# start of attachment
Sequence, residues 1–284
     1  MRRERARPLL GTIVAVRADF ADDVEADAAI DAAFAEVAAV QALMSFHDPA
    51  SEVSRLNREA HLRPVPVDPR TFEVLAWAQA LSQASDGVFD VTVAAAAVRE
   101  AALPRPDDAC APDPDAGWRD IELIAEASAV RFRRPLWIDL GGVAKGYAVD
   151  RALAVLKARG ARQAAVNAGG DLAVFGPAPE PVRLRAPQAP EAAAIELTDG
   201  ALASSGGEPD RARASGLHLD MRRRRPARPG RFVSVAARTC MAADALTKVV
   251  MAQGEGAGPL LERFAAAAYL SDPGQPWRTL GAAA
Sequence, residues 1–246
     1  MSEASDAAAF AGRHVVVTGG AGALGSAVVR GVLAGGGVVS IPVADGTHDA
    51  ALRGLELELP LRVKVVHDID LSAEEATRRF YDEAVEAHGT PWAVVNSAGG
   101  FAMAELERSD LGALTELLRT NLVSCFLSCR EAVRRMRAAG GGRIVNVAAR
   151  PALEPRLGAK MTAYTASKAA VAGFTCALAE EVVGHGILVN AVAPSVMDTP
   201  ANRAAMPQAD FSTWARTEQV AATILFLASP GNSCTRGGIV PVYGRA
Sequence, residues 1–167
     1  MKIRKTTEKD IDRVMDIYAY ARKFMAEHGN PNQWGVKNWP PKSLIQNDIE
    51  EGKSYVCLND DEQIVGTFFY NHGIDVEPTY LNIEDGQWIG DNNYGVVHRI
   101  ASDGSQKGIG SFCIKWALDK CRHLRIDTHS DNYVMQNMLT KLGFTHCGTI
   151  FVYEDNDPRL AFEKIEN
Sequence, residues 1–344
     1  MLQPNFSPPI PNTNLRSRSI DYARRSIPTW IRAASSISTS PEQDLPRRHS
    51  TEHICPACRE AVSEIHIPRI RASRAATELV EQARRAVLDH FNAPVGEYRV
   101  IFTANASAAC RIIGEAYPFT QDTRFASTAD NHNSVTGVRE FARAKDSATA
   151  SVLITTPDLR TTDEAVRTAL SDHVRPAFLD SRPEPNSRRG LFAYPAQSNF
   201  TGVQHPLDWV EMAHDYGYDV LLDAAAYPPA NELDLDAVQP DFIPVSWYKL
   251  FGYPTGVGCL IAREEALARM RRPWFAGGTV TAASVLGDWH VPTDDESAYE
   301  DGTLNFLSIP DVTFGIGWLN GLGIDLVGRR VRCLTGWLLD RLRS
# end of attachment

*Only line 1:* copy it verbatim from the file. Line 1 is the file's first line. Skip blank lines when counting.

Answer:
Sequence, residues 1–284